- Cleanup – Conversation: OK, now we’re talking. This is a cool feature! It gets rid of all the previous messages in a conversation so you just have the latest one that contains all the history in it. You can run it on a specific message, a folder, or a folder and all its subfolders. This feature was created by someone who got tired of dealing with all the ‘Reply to All’ messages that quickly filled their inbox. Yes, the philosophy is send your message to everyone you know and then always use ‘Reply to All’. The idea is to be sure everyone knows what’s going on. Personally, I would use discussion forums.
- I can click an option to Ignore a conversation which sends all future responses to the selected message to the Deleted Items folder. Handy for those conversations I mentioned that you somehow find your name was added to the thread that don’t really interest you. But dangerous because you never know when that conversation will have been directed at you and you will miss it.
- OneNote: Like the Journal in Notes. I haven’t explored this much yet. I like my Lotus Notes Journal since it is synchronized with my BlackBerry.
- I can have it read my email to me (like NotesBuddy did many years ago, but for some typical, senseless reason, IBM dropped it)
- OCS (instant meeting and unified communications) has a great feature that shows the entire chain of command for a person so you can see where they are in relation to you in the company.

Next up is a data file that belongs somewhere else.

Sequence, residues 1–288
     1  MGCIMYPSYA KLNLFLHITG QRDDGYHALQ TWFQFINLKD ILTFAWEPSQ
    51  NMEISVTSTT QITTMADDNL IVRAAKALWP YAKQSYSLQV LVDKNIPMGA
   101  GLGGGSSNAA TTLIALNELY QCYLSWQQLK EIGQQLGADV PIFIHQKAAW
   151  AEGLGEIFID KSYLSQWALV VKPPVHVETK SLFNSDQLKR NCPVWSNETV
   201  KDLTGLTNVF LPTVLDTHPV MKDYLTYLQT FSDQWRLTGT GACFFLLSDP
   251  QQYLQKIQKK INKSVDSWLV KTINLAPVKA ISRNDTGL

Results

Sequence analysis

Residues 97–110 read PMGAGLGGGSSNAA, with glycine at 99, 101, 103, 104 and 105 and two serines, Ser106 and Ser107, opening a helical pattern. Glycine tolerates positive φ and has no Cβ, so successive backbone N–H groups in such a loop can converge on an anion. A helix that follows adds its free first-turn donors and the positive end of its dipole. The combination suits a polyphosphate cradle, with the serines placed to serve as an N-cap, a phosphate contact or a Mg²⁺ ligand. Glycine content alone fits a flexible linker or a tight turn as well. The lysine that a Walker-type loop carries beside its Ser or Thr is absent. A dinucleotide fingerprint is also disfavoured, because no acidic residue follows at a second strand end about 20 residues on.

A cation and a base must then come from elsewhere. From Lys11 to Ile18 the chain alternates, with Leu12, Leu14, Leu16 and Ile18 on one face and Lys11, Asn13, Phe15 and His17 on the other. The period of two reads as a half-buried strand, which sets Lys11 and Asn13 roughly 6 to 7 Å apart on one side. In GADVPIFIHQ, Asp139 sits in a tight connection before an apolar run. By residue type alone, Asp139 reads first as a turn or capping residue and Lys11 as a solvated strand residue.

- Search: To clarify my response to Mat’s comments, I have added these screen shots. Search in Outlook now can search all of your mail including attachments. I don’t know when this was added, but it is now matching the basic full text search function of Notes, though without any of the advanced settings. (click to view)
Next, for Microsoft professionals who may not know Lotus software, here are some of the technology features you are missing, or at least I’m missing them:
- Classic pulldown menus – I hate this ribbon thing in Office. I would even live with that stupid animated paper clip if I could just get the classic pulldown menus back.
- Swiftfile – That great, free add-on that determines the 3 folders you will most likely want to file a message, then puts a link for each of them at the top of the message so filing the message is one click away. Outlook has a Move feature in the ribbon that let’s me pick from a list of 10 recently-used folders, but there is no other intelligence built into the folders offered and it’s not one click.
- Send and file – In Outlook, you can’t organize your sent messages into folders when you send them. For that matter, if you move them to a folder, they are removed from the sent folder (unless you copy of it to another folder, which means you then have 2 copies of the message.)
- Reply and include the attachment for editing – There is no way to include an attachment in a reply and edit the attachment before sending. Attachments must be saved from the original message, edited, and then re-attached to the reply.
- There is no way to put attachments in a specific location within the body of the email for contextual relevance.
- How can I customize the mail file design?
- Widgets. I want to build my widgets and use the Google widgets again. I expect there is a way to do this if I wanted to write some C# code.